All eyes are set on the European council, where the member states search to agree on a joint position after the European Parliament has voted in favor of a ban on the sales of combustion-engined cars as of 2035. However, the deadline could still be jeopardized. Major countries like Italy, France, and Germany support more lenient targets.
It’s no wonder countries with a strong automotive industry keep ringing the alarm bell on the parliamentary approval of phasing out the combustion engine over 13 years. At the Council of Ministers, member states must clarify their position so that the proposal can be amended and eventually turned into European law. But, unfortunately, there’s no unity yet.
A document leaked to news agency AFP unveils a plan where the Italian government pursues a 90% CO2 reduction by 2035 and a complete phase-out five years later, in 2040. However, the country believes the original deadline comes too soon.
“Achieving zero-emission mobility will require overcoming obstacles: increasing charging infrastructure, expanding battery production, cost-effectively improving current technologies, introducing consumer incentives…” is the argument put forward by Rome. Italy also demands an exception for e-fuels.
The plan put forward by the parliament already featured a unique ‘Ferrari-amendment’, cutting some slack to sports car makers not producing more than 10 000 units annually. Still, that doesn’t suffice for the Italian government. Moreover, the country is far from isolated in its point of view and has found partnering member states in Portugal, Bulgaria, Romania, and Slovakia.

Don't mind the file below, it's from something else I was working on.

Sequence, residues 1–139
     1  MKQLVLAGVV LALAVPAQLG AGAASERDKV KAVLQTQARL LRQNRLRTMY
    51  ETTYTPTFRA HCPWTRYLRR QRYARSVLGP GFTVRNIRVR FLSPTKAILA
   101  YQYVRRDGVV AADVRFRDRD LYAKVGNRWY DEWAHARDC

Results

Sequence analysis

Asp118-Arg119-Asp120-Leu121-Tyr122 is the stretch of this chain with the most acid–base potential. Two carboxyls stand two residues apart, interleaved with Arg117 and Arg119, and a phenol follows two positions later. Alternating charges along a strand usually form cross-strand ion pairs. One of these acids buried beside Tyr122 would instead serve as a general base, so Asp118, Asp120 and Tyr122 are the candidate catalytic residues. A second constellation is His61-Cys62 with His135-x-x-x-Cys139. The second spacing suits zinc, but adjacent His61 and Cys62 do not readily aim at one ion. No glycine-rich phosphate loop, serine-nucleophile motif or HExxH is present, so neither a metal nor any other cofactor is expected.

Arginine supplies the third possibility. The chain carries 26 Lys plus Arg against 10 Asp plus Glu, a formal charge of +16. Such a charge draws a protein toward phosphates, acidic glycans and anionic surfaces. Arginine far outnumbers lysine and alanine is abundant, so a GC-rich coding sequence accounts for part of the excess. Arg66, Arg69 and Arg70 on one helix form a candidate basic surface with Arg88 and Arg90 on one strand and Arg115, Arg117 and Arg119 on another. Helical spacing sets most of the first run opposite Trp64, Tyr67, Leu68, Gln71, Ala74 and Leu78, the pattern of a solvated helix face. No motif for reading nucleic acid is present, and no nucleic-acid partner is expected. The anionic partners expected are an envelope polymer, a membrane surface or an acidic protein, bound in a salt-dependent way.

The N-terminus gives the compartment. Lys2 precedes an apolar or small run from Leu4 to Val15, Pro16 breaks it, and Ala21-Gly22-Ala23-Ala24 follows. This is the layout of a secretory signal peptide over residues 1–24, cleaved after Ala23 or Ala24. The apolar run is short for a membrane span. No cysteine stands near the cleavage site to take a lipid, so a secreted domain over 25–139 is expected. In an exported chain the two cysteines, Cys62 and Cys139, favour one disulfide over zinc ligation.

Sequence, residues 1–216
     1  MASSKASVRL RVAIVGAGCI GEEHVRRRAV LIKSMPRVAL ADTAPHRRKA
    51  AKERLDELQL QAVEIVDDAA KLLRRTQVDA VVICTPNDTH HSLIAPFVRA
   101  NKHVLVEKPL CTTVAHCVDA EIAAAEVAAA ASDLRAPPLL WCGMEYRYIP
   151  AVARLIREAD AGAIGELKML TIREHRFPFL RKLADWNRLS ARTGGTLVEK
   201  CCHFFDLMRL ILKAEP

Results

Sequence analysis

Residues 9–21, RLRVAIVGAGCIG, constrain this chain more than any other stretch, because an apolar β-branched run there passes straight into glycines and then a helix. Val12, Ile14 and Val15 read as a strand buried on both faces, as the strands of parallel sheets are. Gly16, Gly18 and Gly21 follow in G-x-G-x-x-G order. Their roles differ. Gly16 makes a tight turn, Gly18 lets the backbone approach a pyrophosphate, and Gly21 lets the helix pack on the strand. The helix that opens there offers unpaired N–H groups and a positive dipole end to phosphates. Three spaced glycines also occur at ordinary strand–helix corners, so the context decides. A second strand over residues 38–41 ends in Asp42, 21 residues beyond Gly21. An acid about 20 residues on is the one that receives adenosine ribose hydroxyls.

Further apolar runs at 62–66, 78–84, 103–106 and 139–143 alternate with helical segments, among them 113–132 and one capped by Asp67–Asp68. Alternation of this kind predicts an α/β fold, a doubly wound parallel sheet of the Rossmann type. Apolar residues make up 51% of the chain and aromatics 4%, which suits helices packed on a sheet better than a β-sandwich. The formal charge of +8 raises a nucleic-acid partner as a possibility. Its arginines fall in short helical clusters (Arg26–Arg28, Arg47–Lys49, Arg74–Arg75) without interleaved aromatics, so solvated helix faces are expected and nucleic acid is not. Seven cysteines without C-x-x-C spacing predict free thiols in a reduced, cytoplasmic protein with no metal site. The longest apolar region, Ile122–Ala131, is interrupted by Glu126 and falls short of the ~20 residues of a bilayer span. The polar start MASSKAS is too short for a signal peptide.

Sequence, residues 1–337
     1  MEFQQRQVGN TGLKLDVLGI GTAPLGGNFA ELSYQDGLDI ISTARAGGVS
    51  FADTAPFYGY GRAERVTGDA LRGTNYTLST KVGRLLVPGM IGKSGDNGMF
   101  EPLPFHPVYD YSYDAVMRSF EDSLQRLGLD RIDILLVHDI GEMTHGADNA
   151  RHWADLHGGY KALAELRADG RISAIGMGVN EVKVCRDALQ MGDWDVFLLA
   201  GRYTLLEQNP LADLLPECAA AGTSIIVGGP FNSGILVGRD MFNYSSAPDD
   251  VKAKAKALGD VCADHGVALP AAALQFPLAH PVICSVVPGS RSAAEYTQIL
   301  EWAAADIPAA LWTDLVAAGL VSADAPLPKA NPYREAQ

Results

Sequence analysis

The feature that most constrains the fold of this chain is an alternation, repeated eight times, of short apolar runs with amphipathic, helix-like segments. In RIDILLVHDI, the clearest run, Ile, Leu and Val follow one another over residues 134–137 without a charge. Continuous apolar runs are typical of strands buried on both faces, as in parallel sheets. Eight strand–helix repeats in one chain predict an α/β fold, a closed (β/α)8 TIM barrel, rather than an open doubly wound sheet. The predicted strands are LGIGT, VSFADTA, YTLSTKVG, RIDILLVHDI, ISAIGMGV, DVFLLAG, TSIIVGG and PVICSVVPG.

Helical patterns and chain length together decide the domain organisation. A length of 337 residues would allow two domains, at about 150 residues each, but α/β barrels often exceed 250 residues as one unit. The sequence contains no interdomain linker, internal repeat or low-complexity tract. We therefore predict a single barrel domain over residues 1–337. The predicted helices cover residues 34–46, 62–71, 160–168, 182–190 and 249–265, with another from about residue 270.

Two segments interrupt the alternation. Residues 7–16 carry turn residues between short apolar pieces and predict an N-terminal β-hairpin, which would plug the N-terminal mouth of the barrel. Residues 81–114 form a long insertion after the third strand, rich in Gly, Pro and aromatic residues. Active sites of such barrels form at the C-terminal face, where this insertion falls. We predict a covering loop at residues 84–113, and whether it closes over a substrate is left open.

40% of the population
A bill can still be dropped if 35% of the represented population opposes it. With the countries mentioned above not adding up to that critical mass, Germany’s weight in the voting could prove crucial. If the country abstains, it would be interpreted as a ‘no’, meaning 40% of the European population is against the proposal.
The problem is that the German government has been zigzagging on its position because the Green party and the liberal party FDP have been quarreling on the role of e-fuels. The latter wants a green light for synthetic fuels used by cars and vans; the first wants them reserved for tractors, trucks, and emergency vehicles.
Analysts expect the German Minister to join the table with a compromise, adopting the 2035 ICE ban and allowing e-fuels as a solution for existing vehicles after the deadline. Without such a compromise, Germany has no choice but to abstain. The country will unveil its position today as the environmental Ministers of the member states meet in Brussels.
Macron as the conductor
To avoid sending the highly mediatized proposal back to the drawing board, it seems likely that such a compromise will need to be also found at a European level. That will be a task for France, holding the Presidency of the Council until the end of this month.
But the country led by Macron is also navigating an adopted course in fear of losing 100 000 jobs in its automotive industry by 2035, as calculated by La Plateforme Automobile (LPA). As one of the measures, the country wants a slower phasing-outs of hybrids.
Environmental lobbying group Transport and Environment (T&E) told AFP that it appeals to France to maintain the deadline of 2035, naming it “the first big sincerity test” of Macron’s climate plans.